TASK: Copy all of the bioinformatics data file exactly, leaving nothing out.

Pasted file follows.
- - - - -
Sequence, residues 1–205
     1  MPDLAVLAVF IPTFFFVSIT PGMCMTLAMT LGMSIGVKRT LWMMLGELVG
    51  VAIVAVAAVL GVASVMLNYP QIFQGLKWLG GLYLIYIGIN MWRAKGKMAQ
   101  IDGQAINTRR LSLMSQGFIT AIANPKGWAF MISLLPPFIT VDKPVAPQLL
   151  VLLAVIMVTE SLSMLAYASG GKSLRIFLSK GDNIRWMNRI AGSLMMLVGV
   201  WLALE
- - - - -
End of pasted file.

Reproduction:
Sequence, residues 1–205
     1  MPDLAVLAVF IPTFFFVSIT PGMCMTLAMT LGMSIGVKRT LWMMLGELVG
    51  VAIVAVAAVL GVASVMLNYP QIFQGLKWLG GLYLIYIGIN MWRAKGKMAQ
   101  IDGQAINTRR LSLMSQGFIT AIANPKGWAF MISLLPPFIT VDKPVAPQLL
   151  VLLAVIMVTE SLSMLAYASG GKSLRIFLSK GDNIRWMNRI AGSLMMLVGV
   201  WLALE